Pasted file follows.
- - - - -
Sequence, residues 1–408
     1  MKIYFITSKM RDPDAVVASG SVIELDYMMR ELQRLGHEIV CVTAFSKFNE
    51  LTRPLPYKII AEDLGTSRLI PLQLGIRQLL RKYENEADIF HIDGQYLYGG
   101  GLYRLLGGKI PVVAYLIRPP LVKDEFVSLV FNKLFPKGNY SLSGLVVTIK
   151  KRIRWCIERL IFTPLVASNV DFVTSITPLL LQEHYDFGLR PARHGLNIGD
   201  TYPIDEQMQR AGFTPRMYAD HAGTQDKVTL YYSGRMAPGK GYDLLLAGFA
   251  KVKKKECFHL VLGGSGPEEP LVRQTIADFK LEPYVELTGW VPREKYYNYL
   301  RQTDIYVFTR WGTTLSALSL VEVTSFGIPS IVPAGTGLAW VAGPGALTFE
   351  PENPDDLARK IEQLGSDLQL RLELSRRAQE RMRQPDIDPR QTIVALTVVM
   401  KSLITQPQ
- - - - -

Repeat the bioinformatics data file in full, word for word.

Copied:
Sequence, residues 1–408
     1  MKIYFITSKM RDPDAVVASG SVIELDYMMR ELQRLGHEIV CVTAFSKFNE
    51  LTRPLPYKII AEDLGTSRLI PLQLGIRQLL RKYENEADIF HIDGQYLYGG
   101  GLYRLLGGKI PVVAYLIRPP LVKDEFVSLV FNKLFPKGNY SLSGLVVTIK
   151  KRIRWCIERL IFTPLVASNV DFVTSITPLL LQEHYDFGLR PARHGLNIGD
   201  TYPIDEQMQR AGFTPRMYAD HAGTQDKVTL YYSGRMAPGK GYDLLLAGFA
   251  KVKKKECFHL VLGGSGPEEP LVRQTIADFK LEPYVELTGW VPREKYYNYL
   301  RQTDIYVFTR WGTTLSALSL VEVTSFGIPS IVPAGTGLAW VAGPGALTFE
   351  PENPDDLARK IEQLGSDLQL RLELSRRAQE RMRQPDIDPR QTIVALTVVM
   401  KSLITQPQ